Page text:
Apple on Monday unveiled iOS 13, which includes a new “Sign in with Apple” feature. While the new feature was hailed by users as offering better privacy while still retaining the convenience of other sign-in options, at least one of the company’s requirements and a suggestion are causing some concern.
Currently, many iOS apps offer the option of a third-party sign-in in lieu of creating a login with the developer. This allows Google, Twitter, and Facebook users to login using their social network credentials to login. This is more convenient than going through the steps of creating an account for the app. However, there are some drawbacks with this approach.
The third-party platform passes your email address to the developer. Sure, you’re asked to approve this, but the login process grinds to a halt if you don’t agree. This also provides information to the social platform about what apps you are using, which is nobody’s business, right?
Apple’s solution provides the convenience of above approach, but gives you the option of either sharing or hiding your real email address with the developer. If you opt to “hide” the email address, Apple creates a one-time-use email address to be used only with that app. It then give the developer that email address. Any emails sent to the address are then forwarded to your real address by Apple.
This allows you to opt-out of emails from that developer by simply deactivating the pseudo email address.
However, concerns about Apple’s approach to things have arisen due to a single requirement Apple asks of developers as well as a “suggestion” it makes to devs.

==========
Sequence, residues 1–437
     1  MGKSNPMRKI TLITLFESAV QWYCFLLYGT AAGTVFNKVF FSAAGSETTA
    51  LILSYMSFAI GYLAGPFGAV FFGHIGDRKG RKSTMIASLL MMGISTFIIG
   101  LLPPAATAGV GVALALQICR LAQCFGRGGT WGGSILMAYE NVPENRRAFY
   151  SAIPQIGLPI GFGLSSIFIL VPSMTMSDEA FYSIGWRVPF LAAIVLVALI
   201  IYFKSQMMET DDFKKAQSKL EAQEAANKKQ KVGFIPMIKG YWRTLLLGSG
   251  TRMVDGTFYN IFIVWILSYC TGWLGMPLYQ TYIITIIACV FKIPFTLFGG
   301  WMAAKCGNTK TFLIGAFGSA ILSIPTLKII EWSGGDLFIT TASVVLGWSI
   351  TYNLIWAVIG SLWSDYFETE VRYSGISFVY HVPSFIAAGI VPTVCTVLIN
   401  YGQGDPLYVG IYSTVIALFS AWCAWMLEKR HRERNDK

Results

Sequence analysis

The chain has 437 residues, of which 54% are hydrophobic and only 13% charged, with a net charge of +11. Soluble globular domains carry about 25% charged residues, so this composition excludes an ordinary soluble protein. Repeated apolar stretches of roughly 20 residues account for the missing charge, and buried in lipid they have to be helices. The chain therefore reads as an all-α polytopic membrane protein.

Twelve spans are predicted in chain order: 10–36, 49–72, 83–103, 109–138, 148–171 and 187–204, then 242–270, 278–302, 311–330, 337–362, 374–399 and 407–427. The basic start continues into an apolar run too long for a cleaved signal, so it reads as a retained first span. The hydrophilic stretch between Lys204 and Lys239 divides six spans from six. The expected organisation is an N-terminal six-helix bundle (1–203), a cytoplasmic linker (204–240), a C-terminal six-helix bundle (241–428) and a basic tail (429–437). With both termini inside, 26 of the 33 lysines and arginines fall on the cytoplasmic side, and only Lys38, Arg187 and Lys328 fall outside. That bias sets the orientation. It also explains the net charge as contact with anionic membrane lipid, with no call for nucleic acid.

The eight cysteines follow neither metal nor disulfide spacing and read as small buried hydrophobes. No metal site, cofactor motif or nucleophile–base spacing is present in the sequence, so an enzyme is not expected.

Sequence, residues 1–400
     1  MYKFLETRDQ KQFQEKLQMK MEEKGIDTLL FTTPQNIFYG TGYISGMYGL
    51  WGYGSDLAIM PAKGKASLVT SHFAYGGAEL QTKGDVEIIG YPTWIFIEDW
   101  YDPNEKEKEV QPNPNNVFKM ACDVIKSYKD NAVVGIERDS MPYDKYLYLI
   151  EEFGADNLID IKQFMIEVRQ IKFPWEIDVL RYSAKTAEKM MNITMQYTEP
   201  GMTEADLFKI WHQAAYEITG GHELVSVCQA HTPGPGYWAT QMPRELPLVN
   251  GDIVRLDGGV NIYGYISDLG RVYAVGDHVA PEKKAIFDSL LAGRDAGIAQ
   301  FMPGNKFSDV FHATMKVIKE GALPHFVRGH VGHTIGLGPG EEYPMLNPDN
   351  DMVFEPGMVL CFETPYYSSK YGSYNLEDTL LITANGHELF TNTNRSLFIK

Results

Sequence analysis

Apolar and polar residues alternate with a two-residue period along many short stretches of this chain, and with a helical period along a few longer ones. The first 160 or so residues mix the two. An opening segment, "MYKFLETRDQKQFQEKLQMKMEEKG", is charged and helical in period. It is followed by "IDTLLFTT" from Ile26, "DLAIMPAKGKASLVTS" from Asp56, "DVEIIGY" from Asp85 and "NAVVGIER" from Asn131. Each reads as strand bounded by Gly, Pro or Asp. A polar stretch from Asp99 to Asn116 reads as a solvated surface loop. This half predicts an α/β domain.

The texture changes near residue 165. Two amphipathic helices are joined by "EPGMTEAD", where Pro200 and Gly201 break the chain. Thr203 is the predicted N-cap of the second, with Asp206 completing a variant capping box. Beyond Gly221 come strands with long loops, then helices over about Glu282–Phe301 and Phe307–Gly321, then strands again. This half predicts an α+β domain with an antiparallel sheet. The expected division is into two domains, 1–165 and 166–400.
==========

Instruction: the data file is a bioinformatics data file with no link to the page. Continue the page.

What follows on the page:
App developers are required to offer a “Sign in with Apple” option if they offer any other third-party sign-in option. If the developer offers a Facebook, Google, or Twitter login option, they’ll have to provide an Apple option if they want to have their app approved for the App Store. This allows for less flexibility for developers, who currently can pick and choose which sign-in option to consider.
Reuters notes that Apple also makes a “suggestion’ that goes beyond the first requirement.
Apple Inc will ask developers to position a new “Sign on with Apple” button in iPhone and iPad apps above rival buttons from Alphabet Inc’s Google and Facebook Inc, according to design guidelines released this week.
The move to give Apple prime placement is significant because users often select the default or top option on apps.
The “suggestion” is included in Apple’s “Human Interface Guidelines,” which are not formal requirements to pass App Store review. However, many developers believe that following the guidelines faithfully helps them gain approval.
The Verge suggest Apple may be tempting fate in the face of possible government scrutiny for anti-competitive practices.
It will be interesting to see how Apple’s conditions and “suggestions” for the feature might morph during the beta testing leading up to a fall release of iOS 13.